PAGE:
The day after the DTV transition [CNET News]
I woke up this morning to find that my niece in California was among those who lost her television on Friday night. Prominently posted on her Facebook page, she announce that she was "among the 20 million Americans" without television. I promptly posted onto her wall the following message.
So, here are the facts. Fielding over 300,000 phone calls to their DTV hotline and 3.1 million page views at www.dtv.gov on Friday, the FCC set new records for call center volume during Friday's transition of 971 broadcast stations to digital signals. Though there are still isolated DTV issues around the country, it appears that the transition was largely successful without any widespread television disruption.
The FCC fielded consumer calls with an operator staff of 4,000 that worked around the clock to ensure that the average wait time for DTV assistance was around 4.6 minutes. Around 30 percent of calls to the DTV hotline involved issues with digital converter boxes, with most of those calls resolved by requesting users to rescan for new digital channels that came online on Friday. Another 20 percent of calls involved reception issues. Digital television signals behave differently than their analog counterparts, and many viewers in rural areas are dealing with the so-callled DTV cliff effect that in some cases reduces the number of digital television channels that can be received.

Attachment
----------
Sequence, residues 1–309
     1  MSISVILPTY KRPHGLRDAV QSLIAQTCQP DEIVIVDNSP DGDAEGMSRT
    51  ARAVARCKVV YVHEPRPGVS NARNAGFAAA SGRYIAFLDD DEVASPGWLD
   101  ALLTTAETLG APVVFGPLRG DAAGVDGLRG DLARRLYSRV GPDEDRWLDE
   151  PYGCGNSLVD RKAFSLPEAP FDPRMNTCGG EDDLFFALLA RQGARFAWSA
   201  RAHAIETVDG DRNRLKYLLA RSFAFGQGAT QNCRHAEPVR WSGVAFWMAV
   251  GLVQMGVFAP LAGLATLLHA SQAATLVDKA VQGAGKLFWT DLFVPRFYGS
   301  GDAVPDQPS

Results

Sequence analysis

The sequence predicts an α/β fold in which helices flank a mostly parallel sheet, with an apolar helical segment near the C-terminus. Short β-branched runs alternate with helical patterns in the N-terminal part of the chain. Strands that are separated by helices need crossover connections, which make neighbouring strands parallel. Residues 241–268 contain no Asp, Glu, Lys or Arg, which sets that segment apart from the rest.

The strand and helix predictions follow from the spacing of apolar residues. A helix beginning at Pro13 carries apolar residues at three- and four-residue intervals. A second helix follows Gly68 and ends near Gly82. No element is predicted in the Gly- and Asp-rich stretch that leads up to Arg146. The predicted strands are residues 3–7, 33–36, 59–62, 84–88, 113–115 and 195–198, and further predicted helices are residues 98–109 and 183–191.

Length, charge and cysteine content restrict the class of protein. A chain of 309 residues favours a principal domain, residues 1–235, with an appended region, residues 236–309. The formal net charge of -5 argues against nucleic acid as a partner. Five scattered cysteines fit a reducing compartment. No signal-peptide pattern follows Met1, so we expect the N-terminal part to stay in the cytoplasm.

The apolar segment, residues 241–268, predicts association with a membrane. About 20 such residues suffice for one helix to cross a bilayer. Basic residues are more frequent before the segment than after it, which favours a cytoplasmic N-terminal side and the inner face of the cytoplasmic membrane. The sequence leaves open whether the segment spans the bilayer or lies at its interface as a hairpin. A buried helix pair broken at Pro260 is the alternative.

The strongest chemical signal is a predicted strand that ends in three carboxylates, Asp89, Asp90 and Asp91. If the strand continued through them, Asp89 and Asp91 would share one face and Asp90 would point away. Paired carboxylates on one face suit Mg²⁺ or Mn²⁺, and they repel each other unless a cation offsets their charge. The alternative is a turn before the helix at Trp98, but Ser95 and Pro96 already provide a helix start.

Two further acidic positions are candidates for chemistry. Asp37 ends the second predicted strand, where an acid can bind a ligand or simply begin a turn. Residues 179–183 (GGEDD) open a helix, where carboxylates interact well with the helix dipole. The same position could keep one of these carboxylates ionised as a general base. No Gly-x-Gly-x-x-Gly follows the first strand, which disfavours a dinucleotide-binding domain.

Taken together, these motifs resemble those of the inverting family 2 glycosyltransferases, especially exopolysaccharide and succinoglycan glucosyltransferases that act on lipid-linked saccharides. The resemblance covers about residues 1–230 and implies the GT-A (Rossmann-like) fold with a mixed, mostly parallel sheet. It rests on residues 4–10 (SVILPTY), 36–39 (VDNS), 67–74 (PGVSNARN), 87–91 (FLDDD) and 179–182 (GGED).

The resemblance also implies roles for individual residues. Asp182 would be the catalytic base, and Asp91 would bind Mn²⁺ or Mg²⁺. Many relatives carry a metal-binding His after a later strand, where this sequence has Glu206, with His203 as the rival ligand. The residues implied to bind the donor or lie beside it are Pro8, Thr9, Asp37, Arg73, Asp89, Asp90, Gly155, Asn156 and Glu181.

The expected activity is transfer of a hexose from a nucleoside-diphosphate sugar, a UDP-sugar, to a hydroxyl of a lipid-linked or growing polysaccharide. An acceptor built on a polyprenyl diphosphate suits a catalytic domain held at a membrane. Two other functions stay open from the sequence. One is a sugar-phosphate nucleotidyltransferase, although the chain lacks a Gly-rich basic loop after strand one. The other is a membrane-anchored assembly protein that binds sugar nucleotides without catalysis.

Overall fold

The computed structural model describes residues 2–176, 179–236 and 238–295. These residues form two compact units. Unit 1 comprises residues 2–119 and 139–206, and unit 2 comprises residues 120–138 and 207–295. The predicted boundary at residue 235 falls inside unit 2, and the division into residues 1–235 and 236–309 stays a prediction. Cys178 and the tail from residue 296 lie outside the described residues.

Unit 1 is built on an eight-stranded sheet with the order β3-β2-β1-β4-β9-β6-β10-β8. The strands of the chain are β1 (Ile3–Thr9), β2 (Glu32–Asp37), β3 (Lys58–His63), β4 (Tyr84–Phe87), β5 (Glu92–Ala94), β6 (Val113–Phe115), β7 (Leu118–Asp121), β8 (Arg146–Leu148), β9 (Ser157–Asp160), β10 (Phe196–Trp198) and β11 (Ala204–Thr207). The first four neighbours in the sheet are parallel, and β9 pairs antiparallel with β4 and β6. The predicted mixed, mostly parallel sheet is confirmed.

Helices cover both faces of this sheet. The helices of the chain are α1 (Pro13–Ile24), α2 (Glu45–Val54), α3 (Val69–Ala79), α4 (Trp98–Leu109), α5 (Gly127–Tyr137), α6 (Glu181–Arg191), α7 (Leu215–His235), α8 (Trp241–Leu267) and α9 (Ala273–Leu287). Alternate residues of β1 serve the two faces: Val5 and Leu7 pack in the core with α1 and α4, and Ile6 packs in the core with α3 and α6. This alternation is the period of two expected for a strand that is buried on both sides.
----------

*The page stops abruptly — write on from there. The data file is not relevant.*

The FCC, cable operators, broadcasters and television viewers are still working through a number of isolated issues that have resulted from the nation's switch to digital television, but the reports continue to be largely positive on the nation's preparedness for the transition. The National Cable and Telecommunications Association (NCTA) continues to monitor transition issues, and individual cable operators are working to help consumers like my niece who were unprepared on Friday get connected to broadcast channels.